(RxWiki News) Women with a short cervix and women carrying twins are at higher risk for preterm birth. Women with both have an even higher likelihood of giving birth early.
A recent unpublished study investigated whether a medication might reduce the risk of preterm birth for women carrying multiples. The study was presented at a recent pregnancy conference.
Receiving an injection called 17P can reduce the risk of preterm birth among women carrying a single child.
When tested in women with twins and short cervixes, however, 17P didn't appear to help the same way. It may have actually hurt.
"Attend all prenatal visits."
The study, led by Marie Victoire Senat, MD, of the Department of Obstetrics and Gynecology at Faculté de Medecine Paris XI in France, tested whether giving 17 alpha-hydroxyprogesterone caproate (17P) to women with short cervixes carrying twins prevented the risk of preterm birth.
Over a four year period, 165 adult women carrying twins in otherwise healthy pregnancies were enrolled in the study if they had a cervix shorter than 25 mm as measured by a transvaginal ultrasound. The women were all between their 24th and 32nd week of pregnancy.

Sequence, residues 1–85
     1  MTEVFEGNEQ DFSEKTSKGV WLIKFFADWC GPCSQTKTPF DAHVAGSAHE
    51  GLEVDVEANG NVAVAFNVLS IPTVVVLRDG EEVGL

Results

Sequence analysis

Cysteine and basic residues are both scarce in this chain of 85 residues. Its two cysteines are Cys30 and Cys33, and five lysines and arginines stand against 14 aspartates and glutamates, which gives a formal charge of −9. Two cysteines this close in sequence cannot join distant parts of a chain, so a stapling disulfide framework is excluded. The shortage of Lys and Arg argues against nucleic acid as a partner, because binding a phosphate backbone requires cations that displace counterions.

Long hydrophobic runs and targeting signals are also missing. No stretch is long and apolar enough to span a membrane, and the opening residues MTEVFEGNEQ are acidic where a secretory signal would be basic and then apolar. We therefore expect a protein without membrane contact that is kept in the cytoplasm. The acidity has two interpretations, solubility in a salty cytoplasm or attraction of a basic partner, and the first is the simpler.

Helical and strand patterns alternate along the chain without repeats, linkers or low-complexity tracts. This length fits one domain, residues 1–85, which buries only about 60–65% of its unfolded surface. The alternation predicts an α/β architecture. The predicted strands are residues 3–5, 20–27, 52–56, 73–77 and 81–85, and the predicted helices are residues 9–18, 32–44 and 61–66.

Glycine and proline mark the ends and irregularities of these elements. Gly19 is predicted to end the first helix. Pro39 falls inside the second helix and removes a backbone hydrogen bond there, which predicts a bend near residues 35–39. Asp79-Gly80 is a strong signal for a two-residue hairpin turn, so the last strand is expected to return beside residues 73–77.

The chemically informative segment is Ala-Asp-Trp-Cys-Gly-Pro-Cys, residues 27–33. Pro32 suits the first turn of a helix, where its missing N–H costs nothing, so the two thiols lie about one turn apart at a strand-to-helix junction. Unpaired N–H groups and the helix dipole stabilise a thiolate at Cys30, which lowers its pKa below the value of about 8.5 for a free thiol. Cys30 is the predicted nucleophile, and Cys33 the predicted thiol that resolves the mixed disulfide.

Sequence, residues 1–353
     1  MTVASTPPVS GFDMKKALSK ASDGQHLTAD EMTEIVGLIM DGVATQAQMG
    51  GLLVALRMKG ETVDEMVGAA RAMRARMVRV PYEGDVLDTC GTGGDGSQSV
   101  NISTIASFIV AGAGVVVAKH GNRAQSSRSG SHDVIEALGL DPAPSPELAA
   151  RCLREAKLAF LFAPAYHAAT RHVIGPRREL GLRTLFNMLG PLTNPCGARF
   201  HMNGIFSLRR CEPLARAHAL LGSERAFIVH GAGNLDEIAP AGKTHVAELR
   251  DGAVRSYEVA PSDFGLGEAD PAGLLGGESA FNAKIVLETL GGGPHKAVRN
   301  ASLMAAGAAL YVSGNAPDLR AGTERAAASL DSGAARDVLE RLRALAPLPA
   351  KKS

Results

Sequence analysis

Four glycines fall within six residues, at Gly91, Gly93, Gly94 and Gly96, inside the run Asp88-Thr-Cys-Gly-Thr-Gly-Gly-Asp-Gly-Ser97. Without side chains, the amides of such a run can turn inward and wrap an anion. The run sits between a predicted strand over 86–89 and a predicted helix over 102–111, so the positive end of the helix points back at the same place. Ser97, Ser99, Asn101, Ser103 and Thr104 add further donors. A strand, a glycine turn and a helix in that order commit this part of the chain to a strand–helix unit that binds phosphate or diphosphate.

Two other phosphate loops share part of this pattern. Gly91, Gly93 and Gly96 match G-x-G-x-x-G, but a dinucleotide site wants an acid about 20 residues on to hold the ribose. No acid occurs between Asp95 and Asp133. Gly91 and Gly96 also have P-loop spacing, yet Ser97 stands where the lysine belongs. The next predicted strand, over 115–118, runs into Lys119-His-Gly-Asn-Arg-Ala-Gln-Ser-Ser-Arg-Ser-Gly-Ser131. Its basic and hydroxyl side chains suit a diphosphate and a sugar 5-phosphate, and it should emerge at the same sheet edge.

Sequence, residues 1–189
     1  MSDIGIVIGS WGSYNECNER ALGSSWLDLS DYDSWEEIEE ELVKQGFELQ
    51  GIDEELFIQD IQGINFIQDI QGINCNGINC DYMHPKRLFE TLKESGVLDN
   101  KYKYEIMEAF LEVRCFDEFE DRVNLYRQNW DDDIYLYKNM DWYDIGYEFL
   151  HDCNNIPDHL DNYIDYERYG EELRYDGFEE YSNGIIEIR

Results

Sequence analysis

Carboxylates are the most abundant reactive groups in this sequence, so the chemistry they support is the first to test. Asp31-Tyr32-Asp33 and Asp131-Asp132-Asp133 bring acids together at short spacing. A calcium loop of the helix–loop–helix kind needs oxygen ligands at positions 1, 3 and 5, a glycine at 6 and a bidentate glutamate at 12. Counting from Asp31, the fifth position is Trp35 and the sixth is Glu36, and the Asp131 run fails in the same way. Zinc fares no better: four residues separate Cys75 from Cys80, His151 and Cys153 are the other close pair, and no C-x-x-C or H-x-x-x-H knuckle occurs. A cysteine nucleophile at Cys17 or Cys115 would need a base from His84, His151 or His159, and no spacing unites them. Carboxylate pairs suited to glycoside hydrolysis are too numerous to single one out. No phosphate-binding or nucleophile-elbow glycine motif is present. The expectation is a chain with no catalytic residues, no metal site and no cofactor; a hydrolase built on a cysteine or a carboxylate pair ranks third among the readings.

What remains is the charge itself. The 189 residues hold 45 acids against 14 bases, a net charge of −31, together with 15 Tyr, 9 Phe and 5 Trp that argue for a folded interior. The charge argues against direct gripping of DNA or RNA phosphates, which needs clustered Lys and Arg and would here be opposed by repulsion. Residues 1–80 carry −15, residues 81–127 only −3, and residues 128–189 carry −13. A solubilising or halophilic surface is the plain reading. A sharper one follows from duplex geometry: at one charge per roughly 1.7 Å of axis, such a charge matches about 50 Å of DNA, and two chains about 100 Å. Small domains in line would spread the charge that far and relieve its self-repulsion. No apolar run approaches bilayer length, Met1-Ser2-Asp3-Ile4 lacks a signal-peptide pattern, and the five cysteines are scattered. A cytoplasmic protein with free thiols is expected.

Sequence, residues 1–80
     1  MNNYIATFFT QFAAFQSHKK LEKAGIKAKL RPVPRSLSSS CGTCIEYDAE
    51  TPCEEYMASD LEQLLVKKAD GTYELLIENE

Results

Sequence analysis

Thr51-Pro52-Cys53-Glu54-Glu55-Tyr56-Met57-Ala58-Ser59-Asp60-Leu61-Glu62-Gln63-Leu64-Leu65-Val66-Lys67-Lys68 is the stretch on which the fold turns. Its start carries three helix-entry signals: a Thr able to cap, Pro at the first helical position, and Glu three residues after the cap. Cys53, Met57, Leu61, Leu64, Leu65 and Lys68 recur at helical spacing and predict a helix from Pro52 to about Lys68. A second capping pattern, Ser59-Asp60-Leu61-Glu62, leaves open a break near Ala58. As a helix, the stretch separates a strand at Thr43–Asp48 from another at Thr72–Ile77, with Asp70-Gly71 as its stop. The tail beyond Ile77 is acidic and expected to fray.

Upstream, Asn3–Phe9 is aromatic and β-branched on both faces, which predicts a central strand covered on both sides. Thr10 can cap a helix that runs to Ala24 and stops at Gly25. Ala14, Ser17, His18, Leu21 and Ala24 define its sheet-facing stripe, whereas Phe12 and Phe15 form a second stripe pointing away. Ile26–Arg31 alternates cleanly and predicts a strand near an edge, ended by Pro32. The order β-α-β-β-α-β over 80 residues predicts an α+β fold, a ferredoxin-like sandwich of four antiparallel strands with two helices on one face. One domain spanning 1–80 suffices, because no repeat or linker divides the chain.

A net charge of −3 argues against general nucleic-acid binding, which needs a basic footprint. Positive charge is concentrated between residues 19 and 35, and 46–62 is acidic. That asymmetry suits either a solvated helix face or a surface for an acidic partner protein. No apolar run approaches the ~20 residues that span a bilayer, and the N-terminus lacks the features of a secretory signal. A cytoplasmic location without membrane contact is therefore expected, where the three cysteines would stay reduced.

Half the women received an injection of 500 mg of 17P twice a week until their 36th week of pregnancy or until they gave birth. The other half received no 17P.
Among the women who received 17P, the average number of days that passed from their enrollment until they gave birth was 45 days, compared to 51 days among those who did not receive 17P.
However, this six day difference was not wide enough to conclude that the 17P made any difference.
In fact, looking at the overall preterm births, 29 percent of the women receiving 17P gave birth before the 32nd week of pregnancy, compared to 12 percent of the women who did not receive 17P.
The birth weight of the first twin was not significantly different among the women in either group. The first twin was an average 4.67 pounds among women who received 17P and 4.88 pounds among women who didn't receive 17P.
However, the second twins of the women receiving 17P tended to be smaller than the second twins of women not receiving 17P. The average second twin weight in the 17P group was 4.60 pounds, compared to 4.91 in the non-17P group.
The researchers concluded that giving 17P to the women did not help reduce the risk of preterm birth and might actually have caused some harm by increasing preterm births and/or reducing the second twin's birth weight.
The study was presented February 14 at the Society for Maternal-Fetal Medicine's annual meeting, The Pregnancy Meeting, in San Francisco.
Because the study has not yet been published in a peer-reviewed journal, its results should be regarded as preliminary and still require review by researchers in the field. Information was unavailable regarding funding and conflicts of interest.